operated as a separate legal entity from Kuehne + Nagel International AG and did
not suggest an agency relationship, so the Court concluded that Kuehne + Nagel
did not carry on business in New Zealand either directly or via its wholly owned
New Zealand subsidiary. Nor was there any basis (for example, that corporate
structures were a sham) to lift the corporate veil. The Commission therefore
could not establish that entry into the alleged agreements came within the
jurisdictional limits in section 4 of the Act. Consequently, the Court declined
The s 27(2) allegations – "Giving effect to..."
Notwithstanding its conclusion that it did not have jurisdiction over the
"entry into" causes of action, the Court then considered the more difficult
question of whether Kuehne + Nagel had given effect to the provisions of the
various agreements in New Zealand.
The Court again considered Bomac where Harrison J accepted that,
while the international defendants could not be said to be carrying on business
in New Zealand through their New Zealand subsidiaries, there was a parallel
agency relationship pursuant to which the international defendants used their
New Zealand subsidiaries to give effect to agreements settled overseas but
designed to affect, inter alia, the New Zealand market.
In the present case, the Commission similarly sought to attribute conduct in
New Zealand (such that the section 4 requirements would not apply) to the
international defendants. That argument rested on section 90(2)(b) of the Act,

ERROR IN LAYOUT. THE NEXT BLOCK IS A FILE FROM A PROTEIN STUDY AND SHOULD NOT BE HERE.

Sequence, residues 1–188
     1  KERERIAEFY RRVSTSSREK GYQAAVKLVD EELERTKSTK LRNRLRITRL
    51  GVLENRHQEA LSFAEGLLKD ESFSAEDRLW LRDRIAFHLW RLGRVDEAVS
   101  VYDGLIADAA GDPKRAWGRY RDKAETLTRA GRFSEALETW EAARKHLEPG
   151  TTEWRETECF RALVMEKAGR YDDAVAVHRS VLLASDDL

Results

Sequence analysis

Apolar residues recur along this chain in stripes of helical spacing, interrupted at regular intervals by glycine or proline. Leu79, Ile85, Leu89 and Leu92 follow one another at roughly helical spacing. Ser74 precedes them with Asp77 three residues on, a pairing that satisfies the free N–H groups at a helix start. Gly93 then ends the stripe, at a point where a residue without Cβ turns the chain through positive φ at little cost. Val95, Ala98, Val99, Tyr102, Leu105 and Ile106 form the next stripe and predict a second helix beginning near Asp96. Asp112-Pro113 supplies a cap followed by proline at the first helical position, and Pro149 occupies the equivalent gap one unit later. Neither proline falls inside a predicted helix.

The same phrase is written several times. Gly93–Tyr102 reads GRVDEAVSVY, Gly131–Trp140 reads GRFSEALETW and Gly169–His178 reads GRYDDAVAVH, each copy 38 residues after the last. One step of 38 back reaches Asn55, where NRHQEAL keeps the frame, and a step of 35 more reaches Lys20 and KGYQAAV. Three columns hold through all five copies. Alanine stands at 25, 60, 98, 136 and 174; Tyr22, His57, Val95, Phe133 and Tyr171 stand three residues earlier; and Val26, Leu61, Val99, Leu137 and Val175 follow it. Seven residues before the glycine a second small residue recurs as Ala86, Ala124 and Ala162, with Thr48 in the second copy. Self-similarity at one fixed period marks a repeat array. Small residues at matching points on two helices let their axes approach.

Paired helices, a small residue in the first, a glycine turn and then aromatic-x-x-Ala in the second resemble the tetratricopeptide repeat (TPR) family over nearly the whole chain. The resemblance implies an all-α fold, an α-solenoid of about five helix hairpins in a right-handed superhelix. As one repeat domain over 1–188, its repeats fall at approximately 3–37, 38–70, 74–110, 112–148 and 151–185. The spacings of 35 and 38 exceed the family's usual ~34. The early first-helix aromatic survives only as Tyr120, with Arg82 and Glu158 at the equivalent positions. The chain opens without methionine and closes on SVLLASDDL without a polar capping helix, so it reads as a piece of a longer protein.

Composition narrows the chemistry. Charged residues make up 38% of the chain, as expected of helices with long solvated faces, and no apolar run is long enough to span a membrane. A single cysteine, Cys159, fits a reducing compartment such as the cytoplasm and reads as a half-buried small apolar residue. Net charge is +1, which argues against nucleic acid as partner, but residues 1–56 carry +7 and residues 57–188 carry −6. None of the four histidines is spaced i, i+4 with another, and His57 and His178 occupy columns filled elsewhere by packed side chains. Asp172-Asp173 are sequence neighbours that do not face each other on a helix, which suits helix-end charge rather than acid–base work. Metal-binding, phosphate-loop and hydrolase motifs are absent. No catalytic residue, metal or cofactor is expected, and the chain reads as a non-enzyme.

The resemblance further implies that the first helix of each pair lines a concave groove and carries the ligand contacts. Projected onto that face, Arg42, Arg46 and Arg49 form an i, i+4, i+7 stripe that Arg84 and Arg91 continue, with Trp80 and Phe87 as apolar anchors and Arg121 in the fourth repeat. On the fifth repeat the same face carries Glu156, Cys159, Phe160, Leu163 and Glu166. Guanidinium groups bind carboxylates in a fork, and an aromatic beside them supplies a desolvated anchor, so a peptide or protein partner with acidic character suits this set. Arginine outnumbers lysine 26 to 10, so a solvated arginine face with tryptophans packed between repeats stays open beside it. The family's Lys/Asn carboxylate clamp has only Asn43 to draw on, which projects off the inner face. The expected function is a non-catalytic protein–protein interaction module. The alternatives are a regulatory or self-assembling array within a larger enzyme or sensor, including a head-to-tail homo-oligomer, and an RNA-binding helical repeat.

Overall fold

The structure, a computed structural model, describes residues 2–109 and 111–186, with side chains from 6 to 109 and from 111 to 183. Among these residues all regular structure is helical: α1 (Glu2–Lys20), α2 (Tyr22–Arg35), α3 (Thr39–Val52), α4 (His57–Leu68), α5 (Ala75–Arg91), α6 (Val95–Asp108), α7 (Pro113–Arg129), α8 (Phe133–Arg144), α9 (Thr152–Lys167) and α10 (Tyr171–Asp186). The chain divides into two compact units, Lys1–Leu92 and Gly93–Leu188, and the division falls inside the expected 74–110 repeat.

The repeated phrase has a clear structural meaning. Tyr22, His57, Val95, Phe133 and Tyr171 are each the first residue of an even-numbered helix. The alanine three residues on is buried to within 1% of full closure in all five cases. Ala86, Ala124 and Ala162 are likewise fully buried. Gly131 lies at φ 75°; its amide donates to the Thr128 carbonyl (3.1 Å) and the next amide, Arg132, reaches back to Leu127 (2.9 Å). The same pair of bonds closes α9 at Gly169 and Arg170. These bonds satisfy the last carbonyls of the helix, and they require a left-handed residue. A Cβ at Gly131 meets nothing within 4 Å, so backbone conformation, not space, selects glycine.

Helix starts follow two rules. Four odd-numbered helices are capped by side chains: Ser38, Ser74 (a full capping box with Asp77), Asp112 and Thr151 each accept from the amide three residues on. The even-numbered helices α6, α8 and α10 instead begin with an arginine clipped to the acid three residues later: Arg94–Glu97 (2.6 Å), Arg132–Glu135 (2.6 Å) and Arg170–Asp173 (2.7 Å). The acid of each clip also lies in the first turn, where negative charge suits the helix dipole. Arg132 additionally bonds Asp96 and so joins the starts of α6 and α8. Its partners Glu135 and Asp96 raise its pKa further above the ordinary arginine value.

which provides for attribution of the conduct of a person "at the direction of
or with the consent or agreement (whether express or implied) of a director,
servant or agent of the body corporate ... " to the body corporate. The
Commission was therefore required to establish a good arguable case that Kuehne
+ Nagel NZ gave effect to the proscribed agreements on behalf of Kuehne + Nagel
at the direction or with the consent or agreement of an agent of Kuehne + Nagel.
Kuehne + Nagel's protest to jurisdiction was rejected for five of the seven
alleged cartel agreements. The High Court accepted that the implementation of
overseas agreements in New Zealand by Kuehne + Nagel via Kuehne + Nagel NZ was,
in principle, arguable. There was a sufficient factual basis for the
Commission's allegations that the cartel agreements were given effect to in New
Zealand by Kuehne + Nagel NZ at the direction, or with the consent or agreement
of, an agent of Kuehne + Nagel. The picture painted by the evidence was of
agreements entered into by the group internationally being implemented in New
Zealand through direction from overseas regional offices and the head office in
Switzerland. The Court also considered that the nature of the freight forwarding
industry, where at least three quarters of freight is paid for at destination
(i.e., in most cases a number of members within the Kuehne + Nagel group were
required to be involved to implement the agreements) was a relevant factor.
However, Kuehne + Nagel's protest in respect of the two remaining agreements
was upheld because there was insufficient evidence that the agreements were in
fact implemented in New Zealand.
This nuanced judgment represents a further evolution of the Court's approach
to jurisdiction under the Act and High Court Rules – and further confirmation
that overseas defendants will not avoid the jurisdiction of the New Zealand
Courts simply because they are operating outside New Zealand's territorial
boundaries. Leave to appeal the decision has been granted.
This publication is necessarily brief and general in nature. You should seek professional advice before taking any action in relation to the matters dealt with in this publication.